Requires iOS 7.1 or later. Compatible with iPhone and iPad. This app is optimized for iPhone 5.
Age Rating: 17+
The lines are blurring between AAA console and mobile game development. It’s not happening in great volume just yet, nor are all major publishers converting their elaborate controller-based games into touch experiences. Activision’s upcoming Skylanders: Trap Team for iOS and consoles alike is one huge example, but 2K Games has been already leading that charge with great success.
Last year’s XCOM: Enemy Unknown made an almost seamless transition from an amazing $60 tactical strategy game into a lightly scaled-back touch iteration, and now 2K is dipping into its back catalogue for today’s newly-launched iOS port of BioShock. First released in 2007 on consoles and PC, it set the bar for narrative-led, single-player shooting action, and remains one of the most amazing games ever played from the first-person perspective.
Now it’s available on iPhone and iPad, and while there are necessary alterations to accommodate the hardware, it remains an essential play – and now opened up to a large new audience that may have missed this classic the first time around.
A true classic
Unlike the stock military and sci-fi shooters that usually dominate the genre, BioShock stands out in large part due to its incredible setting: Rapture, an underwater utopia-gone-wrong filled with gene-spliced, super-powered mutants. It’s set in the year 1960, and you play as Jack, a man who survives an oceanic plane crash only to find access to the city via a lighthouse – and quickly becomes tangled up in a battle for power between opposing forces in this secret, stunning locale.
Every last aspect of the game feels wonderfully unique and completely slaved-over, whether it’s the gorgeous art deco design, the rich audio logs that fill out the back story of this one-of-a-kind scenario, or the moral decisions thrust upon you as the gripping narrative plays out over the course of a dozen-plus-hour campaign.
Simply by virtue of being released, BioShock is now the best single-player shooter available for iOS – and it’s not even a close call. Games like Modern Combat and N.O.V.A. provide serviceable solo missions, and Call of Duty: Strike Team has a solid campaign jaunt. However, nothing on the App Store proves quite as impactful and memorable as BioShock, with its blend of action, storytelling, horror and exploration.
It’s easy to make the comparison to XCOM: Enemy Unknown, since both are massive console experiences translated to mobile and tablets via 2K China. Both are worthy ports, but the slower, turn-based pace of XCOM is a perfect fit for on-the-go, touch-centric gaming. That’s not necessarily the case with first-person shooters, which are typically ‘good enough’ when played on touch screens.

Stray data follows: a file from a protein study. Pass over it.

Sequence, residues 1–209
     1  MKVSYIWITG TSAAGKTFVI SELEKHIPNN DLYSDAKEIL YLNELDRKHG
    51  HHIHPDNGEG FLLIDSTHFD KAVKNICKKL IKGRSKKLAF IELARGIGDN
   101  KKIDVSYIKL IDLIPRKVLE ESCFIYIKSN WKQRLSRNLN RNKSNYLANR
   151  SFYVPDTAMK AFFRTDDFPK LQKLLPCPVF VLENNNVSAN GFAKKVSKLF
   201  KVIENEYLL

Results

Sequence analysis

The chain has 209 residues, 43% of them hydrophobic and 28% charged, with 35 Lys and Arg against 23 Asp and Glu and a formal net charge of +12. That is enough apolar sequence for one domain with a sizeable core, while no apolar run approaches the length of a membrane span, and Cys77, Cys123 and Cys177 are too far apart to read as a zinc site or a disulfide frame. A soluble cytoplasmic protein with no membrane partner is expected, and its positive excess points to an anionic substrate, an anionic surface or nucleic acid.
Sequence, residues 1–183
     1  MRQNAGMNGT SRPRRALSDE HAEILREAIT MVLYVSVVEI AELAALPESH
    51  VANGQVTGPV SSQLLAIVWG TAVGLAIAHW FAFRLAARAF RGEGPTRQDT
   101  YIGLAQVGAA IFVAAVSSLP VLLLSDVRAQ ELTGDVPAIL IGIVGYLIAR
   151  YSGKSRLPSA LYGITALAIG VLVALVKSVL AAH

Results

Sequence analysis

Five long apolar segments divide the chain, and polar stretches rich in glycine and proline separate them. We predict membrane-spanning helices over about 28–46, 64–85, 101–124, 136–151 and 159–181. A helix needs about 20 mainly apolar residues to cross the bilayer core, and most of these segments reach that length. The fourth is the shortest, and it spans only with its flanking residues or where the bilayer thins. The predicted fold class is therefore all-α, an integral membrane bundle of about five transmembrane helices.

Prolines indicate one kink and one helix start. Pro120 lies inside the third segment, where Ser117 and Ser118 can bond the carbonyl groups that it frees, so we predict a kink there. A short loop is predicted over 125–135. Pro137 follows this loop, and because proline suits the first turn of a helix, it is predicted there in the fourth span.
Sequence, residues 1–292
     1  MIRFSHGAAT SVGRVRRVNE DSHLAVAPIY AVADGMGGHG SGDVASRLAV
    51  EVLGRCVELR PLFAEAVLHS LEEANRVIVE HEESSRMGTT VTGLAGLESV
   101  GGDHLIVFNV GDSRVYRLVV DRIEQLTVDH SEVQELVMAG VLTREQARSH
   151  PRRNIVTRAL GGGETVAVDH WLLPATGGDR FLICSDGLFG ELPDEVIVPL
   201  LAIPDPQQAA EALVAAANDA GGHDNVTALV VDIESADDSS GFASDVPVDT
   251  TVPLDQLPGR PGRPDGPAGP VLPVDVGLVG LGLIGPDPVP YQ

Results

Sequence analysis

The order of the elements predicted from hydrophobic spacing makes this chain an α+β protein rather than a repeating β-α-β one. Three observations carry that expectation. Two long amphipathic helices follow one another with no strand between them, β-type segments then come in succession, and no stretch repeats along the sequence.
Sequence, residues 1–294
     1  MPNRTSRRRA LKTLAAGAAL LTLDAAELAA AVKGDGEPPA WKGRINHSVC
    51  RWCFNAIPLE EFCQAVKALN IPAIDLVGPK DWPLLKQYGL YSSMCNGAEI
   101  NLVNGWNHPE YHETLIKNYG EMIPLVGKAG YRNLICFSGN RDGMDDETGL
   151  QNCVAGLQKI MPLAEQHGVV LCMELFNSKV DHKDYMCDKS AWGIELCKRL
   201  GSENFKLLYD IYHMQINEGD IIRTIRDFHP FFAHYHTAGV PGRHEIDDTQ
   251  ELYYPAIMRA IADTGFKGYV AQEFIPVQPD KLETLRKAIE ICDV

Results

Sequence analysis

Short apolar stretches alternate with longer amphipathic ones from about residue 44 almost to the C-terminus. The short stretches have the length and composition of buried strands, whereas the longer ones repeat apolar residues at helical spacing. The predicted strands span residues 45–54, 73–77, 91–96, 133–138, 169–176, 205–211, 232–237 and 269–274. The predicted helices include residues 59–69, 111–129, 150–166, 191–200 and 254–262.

Playing BioShock with touch controls is a solid enough experience, but it’s far from ideal. Encounters aren’t constant in Rapture, but they’re very intense, and the lack of physical analogue sticks is felt when you need to quickly and precisely respond to a threat – but instead fumble your response a bit. To 2K’s credit, the publisher has come up with a helpful control scheme that allows you to quickly switch between weapons and genetically modified Plasmid attacks (like tossing lightning or ice at enemies) with the right thumb.
Thankfully, BioShock is compatible with MFi gamepads, which is definitely the way to go. I used the SteelSeries Stratus, the most console-like of the current crop of controllers, and it was easy to forget about it being a touch port and just fall under the spell of the storyline and the tension of the surroundings. It’s not a perfect solution, however, since you’ll still have to tap the screen to play audio logs and crouch, as far as I could tell. Also, there’s no control customisation to be found.
And as a fan of the Xbox 360 original, it was difficult to ignore the visual degradation. BioShock‘s art design is second to none, and it’s held up well over the years – but even on an iPad Air, the iOS version has a jagged finish and looks very fuzzy in spots, with texture crispness losing a step and animations seeming clunkier at times than I remember. It’s less of an issue if you’re playing a couple of feet back with a controller in hand, but hard to ignore when it’s right in your face.
Still, superficial concerns are worth tolerating for a chance to play an all-time great on your iOS device. You won’t find another game quite like BioShock on the App Store, let alone anything as richly designed and developed. And there’s hope for Android fans: nothing’s been announced, but XCOM crossed over about 10 months after the iOS release. With luck, BioShock will do the same even sooner.